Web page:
How to introduce a speaker — the art of giving (and receiving) a great introduction

A good introduction is essential to get a speaker off to a good start. The tendency for event hosts to go casual and say a few non-substantive words — or worse, to try to make a joke at the speaker’s expense — hurts both the speaker and the meeting. Here’s why, and how to give a good intro that will help the speaker — and the event — succeed.

Audiences want several things from a speaker, and some of them right away. First, audiences begin by asking why — why should I pay attention? Why should I care? Why is this going to be important to me? If a speaker is successful, the audience will start asking how — how do I get started? How do I make this my own? That’s success for a speaker — moving the audience from why to how.

Second, audiences test speakers for a few things: trust, credibility, likability. On these items, they’ll give a speaker a little time, but they make unconscious decisions very quickly, and those unconscious decisions are hard to turn around. So it’s better to get it right from the start.

That’s where the introduction comes in. An introduction can help answer the why question. And an introduction can help establish credibility, especially, but also trust and likability. The result of a good introduction is to greatly increase the likelihood that the speaker will do well. At least, she’s off to a good start.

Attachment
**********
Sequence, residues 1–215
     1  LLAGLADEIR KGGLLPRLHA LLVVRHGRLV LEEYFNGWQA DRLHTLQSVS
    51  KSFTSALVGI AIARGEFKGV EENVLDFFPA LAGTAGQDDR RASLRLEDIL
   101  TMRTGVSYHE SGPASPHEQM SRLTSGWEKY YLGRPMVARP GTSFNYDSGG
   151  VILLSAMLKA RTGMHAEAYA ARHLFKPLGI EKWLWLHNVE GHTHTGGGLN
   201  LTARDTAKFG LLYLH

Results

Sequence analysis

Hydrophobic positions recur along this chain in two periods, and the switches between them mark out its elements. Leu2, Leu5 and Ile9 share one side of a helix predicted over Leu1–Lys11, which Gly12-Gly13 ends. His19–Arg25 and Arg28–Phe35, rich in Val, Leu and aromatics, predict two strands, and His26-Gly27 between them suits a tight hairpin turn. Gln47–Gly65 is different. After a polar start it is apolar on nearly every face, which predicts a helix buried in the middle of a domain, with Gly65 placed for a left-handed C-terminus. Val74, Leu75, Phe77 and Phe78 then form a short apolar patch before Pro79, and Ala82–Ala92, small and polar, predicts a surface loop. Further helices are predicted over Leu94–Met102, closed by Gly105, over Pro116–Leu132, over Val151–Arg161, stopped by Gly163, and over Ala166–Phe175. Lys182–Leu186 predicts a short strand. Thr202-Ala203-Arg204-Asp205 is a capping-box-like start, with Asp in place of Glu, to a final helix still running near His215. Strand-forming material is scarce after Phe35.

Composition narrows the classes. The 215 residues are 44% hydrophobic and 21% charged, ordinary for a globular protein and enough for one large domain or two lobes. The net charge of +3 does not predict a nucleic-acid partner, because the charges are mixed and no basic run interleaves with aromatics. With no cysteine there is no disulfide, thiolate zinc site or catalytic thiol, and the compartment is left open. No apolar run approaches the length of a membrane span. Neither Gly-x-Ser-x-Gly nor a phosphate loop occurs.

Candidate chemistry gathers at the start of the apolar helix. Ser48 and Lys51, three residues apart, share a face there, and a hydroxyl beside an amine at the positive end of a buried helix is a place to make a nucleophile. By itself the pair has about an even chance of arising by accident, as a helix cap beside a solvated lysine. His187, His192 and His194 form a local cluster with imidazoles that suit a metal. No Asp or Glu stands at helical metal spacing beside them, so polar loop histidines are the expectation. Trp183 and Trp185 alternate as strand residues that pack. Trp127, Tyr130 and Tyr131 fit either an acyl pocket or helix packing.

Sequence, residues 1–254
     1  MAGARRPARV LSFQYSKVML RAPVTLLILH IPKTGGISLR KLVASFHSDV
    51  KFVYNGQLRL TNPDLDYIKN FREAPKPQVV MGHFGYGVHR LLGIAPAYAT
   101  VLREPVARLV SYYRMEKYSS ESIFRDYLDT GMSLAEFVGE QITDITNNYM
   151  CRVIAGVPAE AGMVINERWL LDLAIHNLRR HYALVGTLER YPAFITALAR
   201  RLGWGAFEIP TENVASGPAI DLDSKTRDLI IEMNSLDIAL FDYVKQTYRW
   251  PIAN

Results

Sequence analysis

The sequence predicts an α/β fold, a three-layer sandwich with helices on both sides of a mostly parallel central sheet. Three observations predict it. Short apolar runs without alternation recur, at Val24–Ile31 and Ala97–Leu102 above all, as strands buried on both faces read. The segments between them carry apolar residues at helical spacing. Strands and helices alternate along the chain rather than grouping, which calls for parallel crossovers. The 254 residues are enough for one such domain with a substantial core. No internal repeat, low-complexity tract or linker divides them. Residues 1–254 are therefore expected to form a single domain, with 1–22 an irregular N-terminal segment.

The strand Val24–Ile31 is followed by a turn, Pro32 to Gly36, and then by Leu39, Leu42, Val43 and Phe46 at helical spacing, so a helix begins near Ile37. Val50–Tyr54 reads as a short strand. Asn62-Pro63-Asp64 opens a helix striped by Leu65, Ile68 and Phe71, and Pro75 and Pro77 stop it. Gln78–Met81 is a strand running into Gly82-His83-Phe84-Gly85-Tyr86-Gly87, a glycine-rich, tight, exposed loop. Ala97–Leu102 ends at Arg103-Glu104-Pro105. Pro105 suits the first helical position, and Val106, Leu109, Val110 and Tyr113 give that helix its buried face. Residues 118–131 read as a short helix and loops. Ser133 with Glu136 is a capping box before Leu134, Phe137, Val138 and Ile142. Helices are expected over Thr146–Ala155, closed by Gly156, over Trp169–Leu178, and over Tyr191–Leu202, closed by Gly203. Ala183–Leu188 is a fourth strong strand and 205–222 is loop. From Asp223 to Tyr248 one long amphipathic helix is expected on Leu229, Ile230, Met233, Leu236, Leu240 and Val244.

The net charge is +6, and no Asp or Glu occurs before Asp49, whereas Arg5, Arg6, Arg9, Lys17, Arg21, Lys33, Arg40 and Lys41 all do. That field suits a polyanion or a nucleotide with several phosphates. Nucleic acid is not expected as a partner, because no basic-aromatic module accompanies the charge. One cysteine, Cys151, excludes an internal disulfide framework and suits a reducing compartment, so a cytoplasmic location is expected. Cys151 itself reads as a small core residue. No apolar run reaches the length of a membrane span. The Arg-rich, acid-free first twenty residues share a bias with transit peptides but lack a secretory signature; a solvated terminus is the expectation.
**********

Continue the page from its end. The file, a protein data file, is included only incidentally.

A good introduction should answer 3 questions

A good introduction should answer 3 questions: why this speaker, on this subject, to this audience? A little humor is permitted, but an introduction should never denigrate the speaker, even in fun. The idea is to build the speaker up in the audience’s mind.

As an example, here’s a short introduction I provide for my own speaking engagements

Here at XXXXXXX, we live and die by our communications successes and failures. So it is with special excitement that I’m pleased to welcome Dr. Nick Morgan to our annual gathering. Nick is one of America’s top communication theorists and coaches. He has coached people to give Congressional testimony, to appear on the Today Show, and to take on the investment community. His latest book, Trust Me: Four Steps to Authenticity and Charisma, was published by Jossey-Bass last year. And he has one of the best blogs on communications.

Have you ever wondered why you can’t take your eyes off some charismatic public figures, while others put you immediately to sleep? Nick is going to demystify charisma and storytelling for us today, giving us lots of practical ideas we can immediately put to work when we’re back in the office on Monday…

Please join me in welcoming Dr. Nick Morgan!

I’ve often noted that a celebrity speaker can be mediocre and yet the audience can report that it had a good time. The reason is that the celebrity has already been ‘introduced’ to the audience — the audience knows the celebrity by advance reputation. The work of a good introduction is to raise the speaker to celebrity status for the purposes of that occasion.

Always end with an applause line for the speaker — “so please join me in welcoming Jane Doe!” — to allow her time to get up on the stage and ready to go. And it’s a very good idea to shake the speaker’s hand as he or she goes by on the way to the lectern. Shaking another person’s hand is grounding and comforting, and will help the speaker get off to a good start.